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mazzafegati sausage

Mazzafegati, Italian Liver Sausage

This is what to do when life gives you livers. Mazzafegati are an unusual fresh sausage from Umbria, in central Italy, and they are delicious roasted over an open fire, especially a wood fire. You can use domestic pork and and pork liver for this, but I use wild boar; it gives the sausages an extra punch. Make sure everything is very cold when you make these sausages — liver is very moist, and will bleed when ground.
Course Cured Meat
Cuisine Italian
Prep Time 1 hour 30 minutes
Total Time 1 hour 30 minutes
Serves 5 pounds
Author Hank Shaw

Ingredients

  • 1 pound pork liver, partially frozen
  • 1 pound pork fat
  • 3 pounds pork shoulder
  • 36 grams kosher salt, about 3 level tablespoons
  • 55 grams pine nuts, about a half cup, toasted
  • 30 grams sugar, about 2 level tablespoons
  • 15 grams ground coriander seed, about 2 teaspoons
  • 5 garlic cloves, chopped
  • 5 grams black pepper, about 1 tablespoon
  • Zest from 3 tangerines or oranges
  • 1/2 cup sweet white wine, such as Muscat
  • Hog casings

Instructions

  1. Chill the meat until it is almost frozen by putting it in the freezer for an hour or so. Take out some hog casings and set in a bowl of warm water.
  2. Chop meat and fat into 1 inch chunks. Combine all the spices with the meat (except the wine), mix well with your hands and let it rest in the fridge for about an hour.
  3. Grind through your meat grinder (you can use a food processor in a pinch, but you will not get a fine texture) twice, first using the coarse die, then the fine one. If your room is warm, set the bowl for the ground meat into another bowl of ice to keep it cold.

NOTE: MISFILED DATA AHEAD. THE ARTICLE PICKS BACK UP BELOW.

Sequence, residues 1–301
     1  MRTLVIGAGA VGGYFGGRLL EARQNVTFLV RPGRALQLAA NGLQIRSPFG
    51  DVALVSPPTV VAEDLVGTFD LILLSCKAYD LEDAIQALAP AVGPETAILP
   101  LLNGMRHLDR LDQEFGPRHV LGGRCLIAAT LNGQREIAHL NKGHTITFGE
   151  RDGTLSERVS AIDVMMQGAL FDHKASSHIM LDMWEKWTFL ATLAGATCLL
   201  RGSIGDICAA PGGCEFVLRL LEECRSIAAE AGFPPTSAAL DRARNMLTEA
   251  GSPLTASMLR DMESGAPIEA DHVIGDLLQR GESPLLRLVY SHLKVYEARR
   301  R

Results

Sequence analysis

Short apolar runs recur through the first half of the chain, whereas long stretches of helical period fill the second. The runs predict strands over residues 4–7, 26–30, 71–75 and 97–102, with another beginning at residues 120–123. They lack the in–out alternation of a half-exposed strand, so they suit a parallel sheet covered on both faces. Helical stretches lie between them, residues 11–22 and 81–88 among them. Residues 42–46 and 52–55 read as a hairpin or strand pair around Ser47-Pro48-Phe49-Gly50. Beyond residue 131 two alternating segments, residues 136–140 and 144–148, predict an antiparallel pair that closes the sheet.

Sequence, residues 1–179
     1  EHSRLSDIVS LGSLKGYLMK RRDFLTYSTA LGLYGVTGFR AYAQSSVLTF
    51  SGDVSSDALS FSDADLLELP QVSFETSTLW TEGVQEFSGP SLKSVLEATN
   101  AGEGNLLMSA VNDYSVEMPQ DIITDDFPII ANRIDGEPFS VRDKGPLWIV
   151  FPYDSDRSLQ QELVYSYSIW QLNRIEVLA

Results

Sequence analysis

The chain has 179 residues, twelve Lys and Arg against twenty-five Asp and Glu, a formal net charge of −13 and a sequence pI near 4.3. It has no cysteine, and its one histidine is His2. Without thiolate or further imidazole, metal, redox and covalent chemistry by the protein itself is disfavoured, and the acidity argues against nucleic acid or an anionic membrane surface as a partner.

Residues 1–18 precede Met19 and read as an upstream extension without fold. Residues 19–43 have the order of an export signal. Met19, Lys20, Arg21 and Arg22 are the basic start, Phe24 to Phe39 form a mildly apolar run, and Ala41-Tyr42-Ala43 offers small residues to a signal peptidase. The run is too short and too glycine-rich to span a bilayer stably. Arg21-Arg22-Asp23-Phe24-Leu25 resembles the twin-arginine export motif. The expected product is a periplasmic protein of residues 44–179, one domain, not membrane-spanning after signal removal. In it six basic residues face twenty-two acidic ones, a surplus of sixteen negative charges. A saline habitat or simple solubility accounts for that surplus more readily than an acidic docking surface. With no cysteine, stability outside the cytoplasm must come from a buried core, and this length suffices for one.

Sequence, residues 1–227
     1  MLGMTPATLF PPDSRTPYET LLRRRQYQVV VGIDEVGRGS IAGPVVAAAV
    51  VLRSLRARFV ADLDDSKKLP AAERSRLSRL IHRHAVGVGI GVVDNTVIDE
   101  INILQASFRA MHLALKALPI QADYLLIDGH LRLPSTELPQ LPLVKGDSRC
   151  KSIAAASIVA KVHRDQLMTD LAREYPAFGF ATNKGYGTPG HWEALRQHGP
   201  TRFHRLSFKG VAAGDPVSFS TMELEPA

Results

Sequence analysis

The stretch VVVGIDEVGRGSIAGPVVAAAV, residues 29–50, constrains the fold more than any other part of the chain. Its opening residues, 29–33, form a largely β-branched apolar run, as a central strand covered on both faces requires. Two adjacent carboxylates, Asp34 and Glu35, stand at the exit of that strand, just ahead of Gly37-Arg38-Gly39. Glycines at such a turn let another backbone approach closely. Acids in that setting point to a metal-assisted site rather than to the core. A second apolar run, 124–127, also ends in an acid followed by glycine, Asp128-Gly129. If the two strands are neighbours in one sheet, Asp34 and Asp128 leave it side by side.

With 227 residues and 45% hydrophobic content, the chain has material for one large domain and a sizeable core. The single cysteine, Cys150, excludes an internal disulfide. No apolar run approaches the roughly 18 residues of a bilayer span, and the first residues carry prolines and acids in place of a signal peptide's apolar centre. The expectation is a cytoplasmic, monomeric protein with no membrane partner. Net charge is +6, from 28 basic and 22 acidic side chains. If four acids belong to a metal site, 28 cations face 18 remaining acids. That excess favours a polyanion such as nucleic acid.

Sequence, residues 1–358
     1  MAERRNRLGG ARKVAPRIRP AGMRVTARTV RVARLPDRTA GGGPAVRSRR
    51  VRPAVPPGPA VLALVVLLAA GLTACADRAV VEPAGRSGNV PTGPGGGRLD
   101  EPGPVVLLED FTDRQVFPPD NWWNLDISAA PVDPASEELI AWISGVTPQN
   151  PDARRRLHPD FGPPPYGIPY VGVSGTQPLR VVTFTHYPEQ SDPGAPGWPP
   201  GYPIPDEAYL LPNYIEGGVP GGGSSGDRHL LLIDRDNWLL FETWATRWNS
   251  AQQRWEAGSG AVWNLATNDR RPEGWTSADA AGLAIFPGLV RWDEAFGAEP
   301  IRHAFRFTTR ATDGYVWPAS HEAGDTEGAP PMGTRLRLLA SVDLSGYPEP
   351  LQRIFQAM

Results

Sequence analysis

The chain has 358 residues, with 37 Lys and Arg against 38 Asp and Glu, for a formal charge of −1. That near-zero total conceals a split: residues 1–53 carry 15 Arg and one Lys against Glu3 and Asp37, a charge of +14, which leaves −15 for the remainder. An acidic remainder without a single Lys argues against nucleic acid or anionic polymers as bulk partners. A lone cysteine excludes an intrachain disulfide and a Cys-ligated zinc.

4. Add the sweet wine and mix thoroughly either using a Kitchenaid on low for 60-90 seconds or with your (very clean) hands. Mixing is important to get the sausage to bind properly. Once it is mixed well, put it back in the fridge.
  5. Stuff the sausage into the casings all at once. Twist off links by pinching the sausage down and twisting it, first in one direction, and then with the next link, the other direction. Or you could tie them off with butcher’s string.
  6. Hang the sausages in a cool place for up to a day (the colder it is, the longer you can hang them). If it is warm out — warmer than 70F — hang for one hour. Once they have dried a bit, put in the fridge until needed. They will keep for at least a week in the fridge.

  7. If you are freezing the sausages, wait a day before doing so. This will tighten up the sausages and help them keep their shape in the deep-freeze.